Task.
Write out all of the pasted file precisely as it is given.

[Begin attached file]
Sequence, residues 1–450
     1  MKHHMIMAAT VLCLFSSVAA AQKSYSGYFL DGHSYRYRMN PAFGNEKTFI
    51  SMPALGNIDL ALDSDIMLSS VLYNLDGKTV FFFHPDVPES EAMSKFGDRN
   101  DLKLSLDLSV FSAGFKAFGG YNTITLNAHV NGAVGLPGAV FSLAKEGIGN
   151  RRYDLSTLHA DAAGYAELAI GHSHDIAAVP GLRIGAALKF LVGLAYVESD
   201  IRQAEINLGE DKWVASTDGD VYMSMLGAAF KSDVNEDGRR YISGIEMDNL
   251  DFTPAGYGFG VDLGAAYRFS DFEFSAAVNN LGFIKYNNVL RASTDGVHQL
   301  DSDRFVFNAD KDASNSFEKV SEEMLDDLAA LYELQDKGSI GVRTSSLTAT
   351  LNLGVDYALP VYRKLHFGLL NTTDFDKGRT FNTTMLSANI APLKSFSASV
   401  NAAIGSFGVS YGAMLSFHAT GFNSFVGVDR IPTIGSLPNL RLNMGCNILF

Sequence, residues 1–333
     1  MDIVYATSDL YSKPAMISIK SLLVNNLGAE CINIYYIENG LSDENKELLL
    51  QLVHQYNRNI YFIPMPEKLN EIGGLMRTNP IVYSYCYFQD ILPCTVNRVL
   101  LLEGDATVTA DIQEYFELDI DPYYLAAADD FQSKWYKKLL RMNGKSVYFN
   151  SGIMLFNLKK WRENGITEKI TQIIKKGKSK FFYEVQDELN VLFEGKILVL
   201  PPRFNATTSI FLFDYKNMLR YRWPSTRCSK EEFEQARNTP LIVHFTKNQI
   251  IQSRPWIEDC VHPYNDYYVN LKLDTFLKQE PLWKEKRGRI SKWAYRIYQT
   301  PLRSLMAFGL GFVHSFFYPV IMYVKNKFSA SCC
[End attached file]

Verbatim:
Sequence, residues 1–450
     1  MKHHMIMAAT VLCLFSSVAA AQKSYSGYFL DGHSYRYRMN PAFGNEKTFI
    51  SMPALGNIDL ALDSDIMLSS VLYNLDGKTV FFFHPDVPES EAMSKFGDRN
   101  DLKLSLDLSV FSAGFKAFGG YNTITLNAHV NGAVGLPGAV FSLAKEGIGN
   151  RRYDLSTLHA DAAGYAELAI GHSHDIAAVP GLRIGAALKF LVGLAYVESD
   201  IRQAEINLGE DKWVASTDGD VYMSMLGAAF KSDVNEDGRR YISGIEMDNL
   251  DFTPAGYGFG VDLGAAYRFS DFEFSAAVNN LGFIKYNNVL RASTDGVHQL
   301  DSDRFVFNAD KDASNSFEKV SEEMLDDLAA LYELQDKGSI GVRTSSLTAT
   351  LNLGVDYALP VYRKLHFGLL NTTDFDKGRT FNTTMLSANI APLKSFSASV
   401  NAAIGSFGVS YGAMLSFHAT GFNSFVGVDR IPTIGSLPNL RLNMGCNILF

Sequence, residues 1–333
     1  MDIVYATSDL YSKPAMISIK SLLVNNLGAE CINIYYIENG LSDENKELLL
    51  QLVHQYNRNI YFIPMPEKLN EIGGLMRTNP IVYSYCYFQD ILPCTVNRVL
   101  LLEGDATVTA DIQEYFELDI DPYYLAAADD FQSKWYKKLL RMNGKSVYFN
   151  SGIMLFNLKK WRENGITEKI TQIIKKGKSK FFYEVQDELN VLFEGKILVL
   201  PPRFNATTSI FLFDYKNMLR YRWPSTRCSK EEFEQARNTP LIVHFTKNQI
   251  IQSRPWIEDC VHPYNDYYVN LKLDTFLKQE PLWKEKRGRI SKWAYRIYQT
   301  PLRSLMAFGL GFVHSFFYPV IMYVKNKFSA SCC